The beefy hand of the liquidator, lifeline clogged with grease, sliced the air like a rattlesnake’s head. I covered the hovering palm with twenties. Don London had auctioned the assets of my failed dot-com and was delivering the remaining equipment I could not sell, because it was leased, and I would have to pay it off, into the garage of my San Francisco home. New businesses are supposed to start in California garages, not end in them.
Don’s crew rolled the last piece of equipment into the garage. The copy machine looked expensive and out of place sandwiched between my treadmill and the recycling bins.
“Better luck next time, Nola.” Don hefted his corpulent frame into the driver’s seat of his truck.
“Don’t wish me luck, wish me venture capital.”
“You entrepreneurs are a persistent breed.” He slammed the driver’s side door.
“Persistent or plain stupid!” My shout startled an umbrellatoting woman walking her poodle down the sidewalk of our
peaceful, manicured block. Hell, there you go disrupting things, Nola Billingsley. You can never leave well enough alone. A rambunctious, independent woman who has to have the last word.
As Don’s truck pulled away, I turned and surveyed the stacked equipment. Over the copy machine, suspended from a
redwood rafter, an artificial Christmas wreath drooped. All it needed was a rest-in-peace sash to become a memorial tribute
for my defunct start-up. I owed $13,500 more on this collating colossus. Our dot-com’s accountant had negotiated the lease in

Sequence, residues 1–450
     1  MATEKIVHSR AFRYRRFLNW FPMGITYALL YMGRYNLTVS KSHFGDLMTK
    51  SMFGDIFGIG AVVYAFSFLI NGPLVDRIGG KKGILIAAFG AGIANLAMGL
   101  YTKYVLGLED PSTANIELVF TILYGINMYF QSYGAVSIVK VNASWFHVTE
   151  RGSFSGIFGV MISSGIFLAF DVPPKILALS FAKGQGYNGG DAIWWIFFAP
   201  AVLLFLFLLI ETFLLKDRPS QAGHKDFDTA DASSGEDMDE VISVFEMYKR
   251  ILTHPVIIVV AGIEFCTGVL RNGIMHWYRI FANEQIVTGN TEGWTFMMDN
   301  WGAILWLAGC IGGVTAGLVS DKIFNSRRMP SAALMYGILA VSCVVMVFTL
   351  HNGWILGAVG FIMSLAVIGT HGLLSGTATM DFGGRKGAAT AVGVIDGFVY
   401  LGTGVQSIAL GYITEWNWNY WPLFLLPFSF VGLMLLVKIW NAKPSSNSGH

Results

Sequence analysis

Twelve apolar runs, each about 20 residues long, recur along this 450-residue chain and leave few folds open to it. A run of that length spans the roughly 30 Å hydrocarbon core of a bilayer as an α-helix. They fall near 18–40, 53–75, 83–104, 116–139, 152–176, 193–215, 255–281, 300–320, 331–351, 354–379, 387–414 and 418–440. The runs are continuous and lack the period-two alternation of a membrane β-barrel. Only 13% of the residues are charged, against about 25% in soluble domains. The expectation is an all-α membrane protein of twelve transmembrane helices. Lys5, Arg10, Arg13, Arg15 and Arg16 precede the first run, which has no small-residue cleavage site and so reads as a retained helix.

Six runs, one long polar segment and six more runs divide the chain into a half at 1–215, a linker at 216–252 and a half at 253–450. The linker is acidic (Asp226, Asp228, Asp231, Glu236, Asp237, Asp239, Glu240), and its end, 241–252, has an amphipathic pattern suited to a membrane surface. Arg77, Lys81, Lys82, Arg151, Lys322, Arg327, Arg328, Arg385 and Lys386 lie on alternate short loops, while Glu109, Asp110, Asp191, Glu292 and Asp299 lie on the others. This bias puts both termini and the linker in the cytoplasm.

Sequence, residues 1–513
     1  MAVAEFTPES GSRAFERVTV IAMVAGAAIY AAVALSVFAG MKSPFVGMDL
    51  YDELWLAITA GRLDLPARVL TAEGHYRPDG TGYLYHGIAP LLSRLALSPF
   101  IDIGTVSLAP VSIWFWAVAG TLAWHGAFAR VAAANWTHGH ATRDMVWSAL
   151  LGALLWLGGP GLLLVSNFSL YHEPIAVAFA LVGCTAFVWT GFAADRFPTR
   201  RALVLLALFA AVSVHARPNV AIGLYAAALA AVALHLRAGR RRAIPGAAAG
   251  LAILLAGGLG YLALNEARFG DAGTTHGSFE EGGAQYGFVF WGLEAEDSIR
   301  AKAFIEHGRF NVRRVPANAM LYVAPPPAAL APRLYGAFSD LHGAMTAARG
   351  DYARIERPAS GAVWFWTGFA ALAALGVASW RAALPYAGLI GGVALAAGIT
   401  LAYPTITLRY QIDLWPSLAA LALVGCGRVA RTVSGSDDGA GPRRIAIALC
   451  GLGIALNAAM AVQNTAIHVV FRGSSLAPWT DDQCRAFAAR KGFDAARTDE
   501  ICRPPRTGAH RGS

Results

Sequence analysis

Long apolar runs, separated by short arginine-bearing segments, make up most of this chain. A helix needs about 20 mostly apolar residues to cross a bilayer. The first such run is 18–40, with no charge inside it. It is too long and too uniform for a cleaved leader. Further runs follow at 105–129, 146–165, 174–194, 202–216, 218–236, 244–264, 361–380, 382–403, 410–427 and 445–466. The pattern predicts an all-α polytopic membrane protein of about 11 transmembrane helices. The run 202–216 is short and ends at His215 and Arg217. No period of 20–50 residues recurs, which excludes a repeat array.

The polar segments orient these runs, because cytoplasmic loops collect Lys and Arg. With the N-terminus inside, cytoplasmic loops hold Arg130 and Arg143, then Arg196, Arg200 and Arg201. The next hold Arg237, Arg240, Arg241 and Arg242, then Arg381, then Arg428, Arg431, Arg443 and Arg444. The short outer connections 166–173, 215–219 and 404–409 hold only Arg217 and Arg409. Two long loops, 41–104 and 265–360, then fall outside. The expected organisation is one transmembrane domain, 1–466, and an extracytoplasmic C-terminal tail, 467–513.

one of his last official acts before absconding with a sizable chunk of my capital. What a depressing end for an entrepreneur. I
made my way along the narrow aisle that remained of my garage toward the kitchen and the scotch bottle. The next morning, as I sat down to yogurt and coffee, I realized I had no place to go. My former offices, the scene of much pain and frustration as the business lurched toward collapse, were at least a destination. I looked across the table at my mother. Crap, you’re a forty-eight-year-old woman with no visible means of support living with your mother. How low can you go?
Turning from the blaring television, Janie Belle read my thoughts. “You should reopen your consulting business. Why don’t you call up some of your old biology contacts?”
“That’s biotechnology, Mother. I plan to, but I have to tie up loose ends on the cyber-business.”
My mother is a vibrant eighty years young. She has survived depressions, wars, hurricanes, miscarriages and cancer. She is
a displaced Southern girl who wields her accent like a passport. Everywhere she goes, she brings a moving van chock full of